Coffee, Literature & Life: Jeff VanderMeer Trilogy Review
Alright, did it. Finished the Southern Reach trilogy by Jeff VanderMeer. Enjoyed the heck out of it. Couldn’t put it down. Riveting.
And to be totally frank with you, I’m not sure what it was about.
Not that it matters much. Following the Biologist until she became…well, don’t want to spoil it for you, Ghost Bird until she was revealed as…nah, can’t go there, either. And Control until he, well, huh?
But this is a book that’s all about the journey, not the destination.
Not sure about the moral of the story, either. If we’re lucky, we’ll get assimilated by an alien or preternatural force…before we destroy ourselves at our own hand? Huh?
For all that, I can’t say I was disappointed in where this amazing tale didn’t take us, or where it did…my frustration was one of reaction, not profound philosophic expectation of a better ending.
Can’t even say that a more ‘satisfying’ ending would have been better or less disappointing, and that is VanderMeer’s brilliance. He’s verbose, rambling, hung up on details that shouldn’t matter…and creates an intricate web you don’t want to extricate yourself from before the spider comes and sucks all your juices out, leaving you spent and drained.
At the end, even the titles of each book make total sense…sort of.
All I can say for sure is that as I brought each book home, I HAD to keep reading until every word was devoured.
Check out this little collection of hardcore science fiction by Randolph S. Stewart.
Annihilation opens with a team from the Southern Reach, a secret government agency run by a higher intelligence group, sending an expedition into Area X.
“Area X” sounds like something out of a B-movie ’50s sci fi flick, or a kid’s space movie, or a spoof. It is not, nor does it come across as such, testament to VanderMeer’s ability to ensnare you in his wordcraft.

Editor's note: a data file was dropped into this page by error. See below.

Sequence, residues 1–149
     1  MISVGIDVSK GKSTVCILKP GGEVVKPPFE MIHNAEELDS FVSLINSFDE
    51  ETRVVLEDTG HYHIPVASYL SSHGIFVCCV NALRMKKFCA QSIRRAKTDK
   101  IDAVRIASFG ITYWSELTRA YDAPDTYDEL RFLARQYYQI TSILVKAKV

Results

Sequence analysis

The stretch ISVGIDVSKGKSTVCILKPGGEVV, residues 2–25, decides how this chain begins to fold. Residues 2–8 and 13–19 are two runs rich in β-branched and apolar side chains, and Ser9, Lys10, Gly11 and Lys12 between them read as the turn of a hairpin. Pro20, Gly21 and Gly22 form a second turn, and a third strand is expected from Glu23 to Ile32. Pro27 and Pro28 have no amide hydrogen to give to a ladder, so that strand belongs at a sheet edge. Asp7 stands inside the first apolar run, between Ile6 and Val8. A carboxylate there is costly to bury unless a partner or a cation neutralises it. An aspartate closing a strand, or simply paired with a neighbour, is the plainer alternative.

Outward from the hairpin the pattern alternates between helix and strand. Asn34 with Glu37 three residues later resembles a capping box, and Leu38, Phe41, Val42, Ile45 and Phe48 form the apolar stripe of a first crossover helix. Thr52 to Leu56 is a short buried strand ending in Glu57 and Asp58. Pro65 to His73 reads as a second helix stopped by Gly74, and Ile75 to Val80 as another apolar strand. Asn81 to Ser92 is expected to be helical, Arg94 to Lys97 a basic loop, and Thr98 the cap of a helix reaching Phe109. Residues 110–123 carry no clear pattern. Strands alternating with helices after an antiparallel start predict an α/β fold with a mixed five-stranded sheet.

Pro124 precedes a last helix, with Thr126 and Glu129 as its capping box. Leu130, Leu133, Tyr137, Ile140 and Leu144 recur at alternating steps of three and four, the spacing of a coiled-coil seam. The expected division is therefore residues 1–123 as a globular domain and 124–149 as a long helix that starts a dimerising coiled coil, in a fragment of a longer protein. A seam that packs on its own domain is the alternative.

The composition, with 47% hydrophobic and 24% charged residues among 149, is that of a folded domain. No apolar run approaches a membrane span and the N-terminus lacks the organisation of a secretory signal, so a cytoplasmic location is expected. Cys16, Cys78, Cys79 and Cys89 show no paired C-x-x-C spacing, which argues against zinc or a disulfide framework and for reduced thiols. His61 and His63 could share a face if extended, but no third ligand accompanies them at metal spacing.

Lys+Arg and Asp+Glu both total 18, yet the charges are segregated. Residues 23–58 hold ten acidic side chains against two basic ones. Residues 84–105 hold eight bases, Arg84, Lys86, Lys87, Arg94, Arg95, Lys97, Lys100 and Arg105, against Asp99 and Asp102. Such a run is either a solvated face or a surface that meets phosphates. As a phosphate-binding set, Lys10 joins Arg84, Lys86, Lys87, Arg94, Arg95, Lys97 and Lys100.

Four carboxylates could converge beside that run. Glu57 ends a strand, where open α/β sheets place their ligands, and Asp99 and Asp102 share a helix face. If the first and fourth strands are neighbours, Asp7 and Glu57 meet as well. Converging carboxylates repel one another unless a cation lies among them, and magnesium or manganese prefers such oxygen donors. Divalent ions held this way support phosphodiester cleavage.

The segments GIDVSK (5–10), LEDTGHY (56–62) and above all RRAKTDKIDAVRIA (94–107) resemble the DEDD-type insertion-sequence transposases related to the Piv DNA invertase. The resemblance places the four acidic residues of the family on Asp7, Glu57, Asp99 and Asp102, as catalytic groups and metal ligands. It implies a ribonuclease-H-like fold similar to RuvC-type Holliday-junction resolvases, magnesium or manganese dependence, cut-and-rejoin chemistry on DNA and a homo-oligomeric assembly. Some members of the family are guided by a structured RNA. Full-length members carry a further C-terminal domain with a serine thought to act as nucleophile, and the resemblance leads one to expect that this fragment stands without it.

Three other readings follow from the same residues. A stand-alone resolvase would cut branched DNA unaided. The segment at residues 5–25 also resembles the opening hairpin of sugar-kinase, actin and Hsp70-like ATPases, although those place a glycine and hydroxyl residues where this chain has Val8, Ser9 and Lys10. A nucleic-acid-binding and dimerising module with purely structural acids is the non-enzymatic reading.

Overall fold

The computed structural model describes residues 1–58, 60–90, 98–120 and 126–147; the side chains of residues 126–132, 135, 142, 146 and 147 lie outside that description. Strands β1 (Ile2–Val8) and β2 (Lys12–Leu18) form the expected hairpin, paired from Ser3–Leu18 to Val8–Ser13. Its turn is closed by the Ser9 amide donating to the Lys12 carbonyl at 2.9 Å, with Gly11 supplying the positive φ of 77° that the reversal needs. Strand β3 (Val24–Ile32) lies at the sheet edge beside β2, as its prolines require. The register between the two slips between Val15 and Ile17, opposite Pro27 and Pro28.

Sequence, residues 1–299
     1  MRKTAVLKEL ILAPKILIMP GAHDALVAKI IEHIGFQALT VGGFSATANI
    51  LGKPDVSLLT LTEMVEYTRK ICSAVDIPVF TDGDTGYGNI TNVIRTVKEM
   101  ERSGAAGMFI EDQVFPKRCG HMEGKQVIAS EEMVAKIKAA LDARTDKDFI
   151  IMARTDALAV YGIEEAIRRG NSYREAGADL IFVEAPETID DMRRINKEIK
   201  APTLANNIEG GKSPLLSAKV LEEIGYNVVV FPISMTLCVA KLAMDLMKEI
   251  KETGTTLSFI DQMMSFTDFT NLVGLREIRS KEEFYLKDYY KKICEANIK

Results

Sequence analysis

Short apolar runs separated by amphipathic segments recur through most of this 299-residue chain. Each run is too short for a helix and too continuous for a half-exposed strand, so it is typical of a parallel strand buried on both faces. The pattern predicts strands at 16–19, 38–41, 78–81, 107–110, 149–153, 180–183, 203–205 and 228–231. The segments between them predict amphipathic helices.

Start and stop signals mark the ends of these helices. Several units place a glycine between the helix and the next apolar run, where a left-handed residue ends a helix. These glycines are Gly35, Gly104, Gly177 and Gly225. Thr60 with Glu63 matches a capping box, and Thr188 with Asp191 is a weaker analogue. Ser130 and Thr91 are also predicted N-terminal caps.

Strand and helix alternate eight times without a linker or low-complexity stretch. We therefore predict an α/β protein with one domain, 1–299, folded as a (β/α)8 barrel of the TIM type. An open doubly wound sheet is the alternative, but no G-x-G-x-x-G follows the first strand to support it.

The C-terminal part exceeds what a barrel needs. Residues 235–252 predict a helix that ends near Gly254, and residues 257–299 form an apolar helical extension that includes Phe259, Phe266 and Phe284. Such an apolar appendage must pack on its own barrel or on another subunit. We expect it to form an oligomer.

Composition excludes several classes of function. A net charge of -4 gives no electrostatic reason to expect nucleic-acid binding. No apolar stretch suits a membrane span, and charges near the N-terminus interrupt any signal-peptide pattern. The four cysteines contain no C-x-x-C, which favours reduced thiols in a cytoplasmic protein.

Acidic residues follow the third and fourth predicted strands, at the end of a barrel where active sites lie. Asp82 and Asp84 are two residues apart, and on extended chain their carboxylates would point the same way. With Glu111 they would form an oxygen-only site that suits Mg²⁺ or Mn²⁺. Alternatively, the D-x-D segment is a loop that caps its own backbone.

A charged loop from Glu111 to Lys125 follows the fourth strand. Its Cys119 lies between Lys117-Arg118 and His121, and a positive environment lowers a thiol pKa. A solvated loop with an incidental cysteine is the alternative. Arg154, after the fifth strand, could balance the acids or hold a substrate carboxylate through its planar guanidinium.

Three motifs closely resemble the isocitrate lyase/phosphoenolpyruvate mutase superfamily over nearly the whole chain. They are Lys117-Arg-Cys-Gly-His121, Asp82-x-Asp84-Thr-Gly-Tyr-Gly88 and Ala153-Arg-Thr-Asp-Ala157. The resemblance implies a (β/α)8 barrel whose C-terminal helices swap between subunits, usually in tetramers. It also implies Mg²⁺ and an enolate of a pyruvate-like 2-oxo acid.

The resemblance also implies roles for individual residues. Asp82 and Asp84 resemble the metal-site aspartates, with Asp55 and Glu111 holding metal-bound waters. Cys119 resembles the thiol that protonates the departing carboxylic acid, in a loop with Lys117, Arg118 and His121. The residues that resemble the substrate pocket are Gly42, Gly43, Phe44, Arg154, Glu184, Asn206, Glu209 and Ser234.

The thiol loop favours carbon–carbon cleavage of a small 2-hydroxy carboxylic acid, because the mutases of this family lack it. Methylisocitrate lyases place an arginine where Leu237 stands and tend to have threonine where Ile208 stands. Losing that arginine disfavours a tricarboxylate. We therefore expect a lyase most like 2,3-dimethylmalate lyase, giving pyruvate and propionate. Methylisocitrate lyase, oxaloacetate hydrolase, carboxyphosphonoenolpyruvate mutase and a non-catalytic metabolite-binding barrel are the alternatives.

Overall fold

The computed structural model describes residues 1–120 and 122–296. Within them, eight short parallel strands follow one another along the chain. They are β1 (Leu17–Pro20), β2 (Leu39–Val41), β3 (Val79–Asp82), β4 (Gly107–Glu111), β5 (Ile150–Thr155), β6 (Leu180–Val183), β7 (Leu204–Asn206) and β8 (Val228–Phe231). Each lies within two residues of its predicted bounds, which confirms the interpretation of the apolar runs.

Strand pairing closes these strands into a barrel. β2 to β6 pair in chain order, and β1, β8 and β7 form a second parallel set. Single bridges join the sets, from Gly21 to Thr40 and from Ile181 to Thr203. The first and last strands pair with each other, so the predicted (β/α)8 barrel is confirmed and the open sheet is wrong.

Something, or someone, has placed a barrier between Area X and the rest of the world. No one could get in, no one inside ever escaped. And finally, a passageway appeared into Area X.
Several expeditions were sent in. Some escaped, but the survivors were changed. Most simply disappeared. The last expedition returned, some of them, but they were hollow shells of who they had been. Then they dies horrible deaths by cancer.
The Biologist lost her husband to Area X.
If there was a way she was getting in, she wanted to find out what she had lost her husband to. What was Area X? Was it part of an alien world, accessible on earth? A distortion of time or space? An organism in its own right, assimilating whatever it came across in the primeval wilderness dubbed Area X?
To be honest, seldom have I seen a work answer so many pertinent questions so thoroughly…while really answering so little.
That in itself is testament to VanderMeer’s ability to drag you in (or under,) and pull you along.
There’s a movie based on Annihilation. It was signed before Annihilation was published. Can’t say that happens often.
Hope I’m not too disappointed if I end up watching it.